Here is some advice that has helped me: it is better to pull back and win a minor point than to overreach for a lot of points and fail. Also, you will always do better with precision: assert something smaller that you can prove, rather than something bigger than you can’t totally prove.

Specific Advice for Massachusetts

Massachusetts is the most educated state in America and our political culture, compared to that of other states, reflects that. It isn’t that you have to sound like William F. Buckley in a debate, but I wouldn’t recommend sounding like Sarah Palin. Cite evidence. No – not from some right-wing blog, but from reputable sources that a Democrat would read. (If you can only cite evidence from the opinion page of the Boston Herald, don’t bother.)

Also, there is no avoiding that the national GOP is very unpopular here, and television brings the shortcomings of the party into people’s living rooms on a regular basis. The good news is that while many Democrats here dislike Republicans a great deal, it is the ones outside of Massachusetts that they are upset at, not us. I have often said, “They are mad at Senator Cruz, not Representative Winslow.” In fact, other than Scott Brown, I don’t think most ordinary registered Democrats could name any active Republican legislators unless they were in one of those few districts. Also, our elected leaders here are a far more moderate and well-spoken group than who you see lampooned on The Daily Show.

You can concede failings at the national level to build trust that you aren’t some right-wing maniac from Wyoming, but a reasonable Republican from this state. You can say that while lots of Republicans on TV are excited about a government shutdown, that you think that’s a mistake. Or that even though gay marriage isn’t popular at the RNC, the Republican rank-and-file here are pretty much OK with it. In general, it is very effective to say that you are unhappy with the behavior of men like Todd Akin, but very happy with the good work being done by Representatives Leah Cole, Keiko Orrall, or Ryan Fattman. It lets the Democrat you are talking to relax a bit, and take you more seriously.

Lastly on this, I highly recommend trying to win with non-partisan pieces of evidence. That sounds weird, but you can win arguments on the role of government just by showing the malfunctions in our current government. You can win with individual pieces of evidence that a Democrat would accept, even if they don’t agree with the top-level point you started with. There are lots of issues like this where I have won arguments against Democrats with this approach, such as the civilian flaggers issue, secure communities, the outside money in the Boston mayor’s race, the teacher evaluations fiasco, the free school lunch issue in Boston Public Schools, or the failure of the MA Health Connector website. If your evidence is merely some “obvious” belief that only Republicans have, you aren’t likely to win. (Such as the widespread view Republicans have that there is lots of voter fraud, even though I almost never hear credible evidence of that. Yes, we have had some here in MA, and I am happy to see Republicans use that, even though the kind of fraud we have seen here recently isn’t related to the Show ID to Vote proposals they are usually advocating with this evidence.)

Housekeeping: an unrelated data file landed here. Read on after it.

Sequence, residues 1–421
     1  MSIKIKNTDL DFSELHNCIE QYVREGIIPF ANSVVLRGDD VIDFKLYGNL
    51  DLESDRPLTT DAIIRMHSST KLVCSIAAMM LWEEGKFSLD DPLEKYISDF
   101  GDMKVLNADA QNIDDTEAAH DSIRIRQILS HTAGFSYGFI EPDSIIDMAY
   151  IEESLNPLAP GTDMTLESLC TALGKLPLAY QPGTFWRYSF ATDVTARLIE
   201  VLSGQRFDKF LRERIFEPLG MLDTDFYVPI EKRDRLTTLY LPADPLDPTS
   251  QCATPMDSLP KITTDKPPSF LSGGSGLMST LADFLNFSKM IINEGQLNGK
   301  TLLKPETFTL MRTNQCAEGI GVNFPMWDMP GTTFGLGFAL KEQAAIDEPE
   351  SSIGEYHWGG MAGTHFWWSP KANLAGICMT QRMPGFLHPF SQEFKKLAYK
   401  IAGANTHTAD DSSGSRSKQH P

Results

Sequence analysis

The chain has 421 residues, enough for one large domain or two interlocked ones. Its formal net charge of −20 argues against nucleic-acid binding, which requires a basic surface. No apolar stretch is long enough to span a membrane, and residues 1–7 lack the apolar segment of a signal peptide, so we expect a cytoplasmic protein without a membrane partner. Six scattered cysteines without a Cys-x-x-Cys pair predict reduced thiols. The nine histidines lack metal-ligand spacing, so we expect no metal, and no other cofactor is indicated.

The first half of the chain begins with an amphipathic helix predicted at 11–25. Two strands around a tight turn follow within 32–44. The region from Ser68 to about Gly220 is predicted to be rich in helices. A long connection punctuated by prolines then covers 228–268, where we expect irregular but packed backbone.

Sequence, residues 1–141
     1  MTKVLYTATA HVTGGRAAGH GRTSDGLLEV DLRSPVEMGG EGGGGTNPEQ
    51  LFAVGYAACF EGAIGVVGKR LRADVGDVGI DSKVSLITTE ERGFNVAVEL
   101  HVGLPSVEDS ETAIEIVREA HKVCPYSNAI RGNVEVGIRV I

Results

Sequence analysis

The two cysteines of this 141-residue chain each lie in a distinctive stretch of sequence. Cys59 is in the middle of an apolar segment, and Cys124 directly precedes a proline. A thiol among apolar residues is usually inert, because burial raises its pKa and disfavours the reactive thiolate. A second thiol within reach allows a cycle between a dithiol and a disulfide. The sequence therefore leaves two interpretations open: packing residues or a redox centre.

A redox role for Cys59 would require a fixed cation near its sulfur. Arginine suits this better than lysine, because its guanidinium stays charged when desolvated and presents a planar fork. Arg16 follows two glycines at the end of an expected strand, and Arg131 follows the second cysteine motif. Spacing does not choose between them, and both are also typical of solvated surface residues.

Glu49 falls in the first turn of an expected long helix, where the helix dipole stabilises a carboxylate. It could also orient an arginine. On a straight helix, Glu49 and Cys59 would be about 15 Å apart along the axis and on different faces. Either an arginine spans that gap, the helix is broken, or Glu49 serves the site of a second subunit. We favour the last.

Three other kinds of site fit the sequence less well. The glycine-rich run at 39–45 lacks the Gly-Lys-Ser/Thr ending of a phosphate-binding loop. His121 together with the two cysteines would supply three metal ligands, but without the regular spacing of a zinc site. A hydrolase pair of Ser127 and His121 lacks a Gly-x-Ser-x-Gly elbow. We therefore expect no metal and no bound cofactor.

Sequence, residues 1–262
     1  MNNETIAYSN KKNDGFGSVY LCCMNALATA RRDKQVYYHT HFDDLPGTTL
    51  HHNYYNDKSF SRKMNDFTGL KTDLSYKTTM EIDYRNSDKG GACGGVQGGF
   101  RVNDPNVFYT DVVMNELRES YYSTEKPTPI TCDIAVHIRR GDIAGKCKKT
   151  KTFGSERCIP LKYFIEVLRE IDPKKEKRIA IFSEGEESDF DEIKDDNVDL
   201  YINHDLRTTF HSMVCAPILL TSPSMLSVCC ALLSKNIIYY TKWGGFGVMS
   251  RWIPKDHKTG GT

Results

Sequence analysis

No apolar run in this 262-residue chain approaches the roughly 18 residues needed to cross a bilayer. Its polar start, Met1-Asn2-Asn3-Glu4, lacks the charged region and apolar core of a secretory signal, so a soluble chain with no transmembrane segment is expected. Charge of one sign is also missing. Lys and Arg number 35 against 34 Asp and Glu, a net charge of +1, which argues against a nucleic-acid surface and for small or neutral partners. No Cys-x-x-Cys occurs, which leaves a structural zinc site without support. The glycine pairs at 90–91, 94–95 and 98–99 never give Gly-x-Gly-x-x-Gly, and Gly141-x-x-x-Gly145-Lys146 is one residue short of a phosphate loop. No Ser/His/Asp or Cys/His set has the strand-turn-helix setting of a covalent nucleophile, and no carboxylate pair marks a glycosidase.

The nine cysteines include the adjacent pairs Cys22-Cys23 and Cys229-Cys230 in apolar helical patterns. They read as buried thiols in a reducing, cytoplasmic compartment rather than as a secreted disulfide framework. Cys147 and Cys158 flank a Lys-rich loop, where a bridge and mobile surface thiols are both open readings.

Closing Thoughts: Destructive Quarrels

The great conservative religious thinker Father John Neuhaus used to say, “The hardest thing to achieve is disagreement. Most of what passes for disagreement is actually confusion.” So yes, you will see lots of things online that aren’t arguments, but destructive quarrels that have no value. And if you just want to yell at someone or be snarky, that’s your decision. (But I will point out that you are re-enforcing our terrible online political culture.) Also, when the target doesn’t respond to your tweet of attack, you have to wonder what you gained. “Calling people out” is a cheap thrill.

So, for my fellow Republicans who want the good feeling of having a productive argument against a Democrat, I hope this helps. The first time you feel like you won some minor argument fair and square, you will feel great about it.